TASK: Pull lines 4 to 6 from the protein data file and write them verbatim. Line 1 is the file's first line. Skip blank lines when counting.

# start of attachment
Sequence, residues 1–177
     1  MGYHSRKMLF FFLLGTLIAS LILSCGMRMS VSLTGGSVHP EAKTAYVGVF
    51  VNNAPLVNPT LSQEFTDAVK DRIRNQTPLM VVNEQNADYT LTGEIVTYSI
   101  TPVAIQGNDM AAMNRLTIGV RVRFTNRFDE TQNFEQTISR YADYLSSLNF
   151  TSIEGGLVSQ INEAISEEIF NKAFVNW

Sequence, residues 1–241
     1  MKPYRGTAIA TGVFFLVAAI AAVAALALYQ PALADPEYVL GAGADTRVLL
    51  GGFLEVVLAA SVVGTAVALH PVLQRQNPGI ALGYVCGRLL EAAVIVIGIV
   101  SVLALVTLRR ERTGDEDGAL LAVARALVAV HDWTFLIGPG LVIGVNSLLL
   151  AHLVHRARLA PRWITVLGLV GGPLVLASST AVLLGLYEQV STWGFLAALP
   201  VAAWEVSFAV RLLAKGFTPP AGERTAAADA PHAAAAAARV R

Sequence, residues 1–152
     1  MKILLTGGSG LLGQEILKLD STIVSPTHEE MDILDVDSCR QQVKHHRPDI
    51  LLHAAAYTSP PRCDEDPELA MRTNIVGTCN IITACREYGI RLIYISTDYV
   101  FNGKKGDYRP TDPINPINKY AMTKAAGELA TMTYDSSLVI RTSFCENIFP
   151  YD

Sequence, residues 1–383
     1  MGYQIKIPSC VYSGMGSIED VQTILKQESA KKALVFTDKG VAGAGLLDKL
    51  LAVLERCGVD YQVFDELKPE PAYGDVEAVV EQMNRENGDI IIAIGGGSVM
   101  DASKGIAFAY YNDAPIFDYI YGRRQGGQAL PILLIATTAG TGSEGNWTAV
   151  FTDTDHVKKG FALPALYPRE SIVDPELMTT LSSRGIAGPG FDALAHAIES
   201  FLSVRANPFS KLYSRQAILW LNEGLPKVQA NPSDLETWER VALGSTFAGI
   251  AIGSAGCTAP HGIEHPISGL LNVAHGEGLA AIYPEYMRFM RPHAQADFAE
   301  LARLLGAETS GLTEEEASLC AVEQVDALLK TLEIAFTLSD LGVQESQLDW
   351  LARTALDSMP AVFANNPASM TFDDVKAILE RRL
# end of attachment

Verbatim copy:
   101  TPVAIQGNDM AAMNRLTIGV RVRFTNRFDE TQNFEQTISR YADYLSSLNF
   151  TSIEGGLVSQ INEAISEEIF NKAFVNW

Sequence, residues 1–241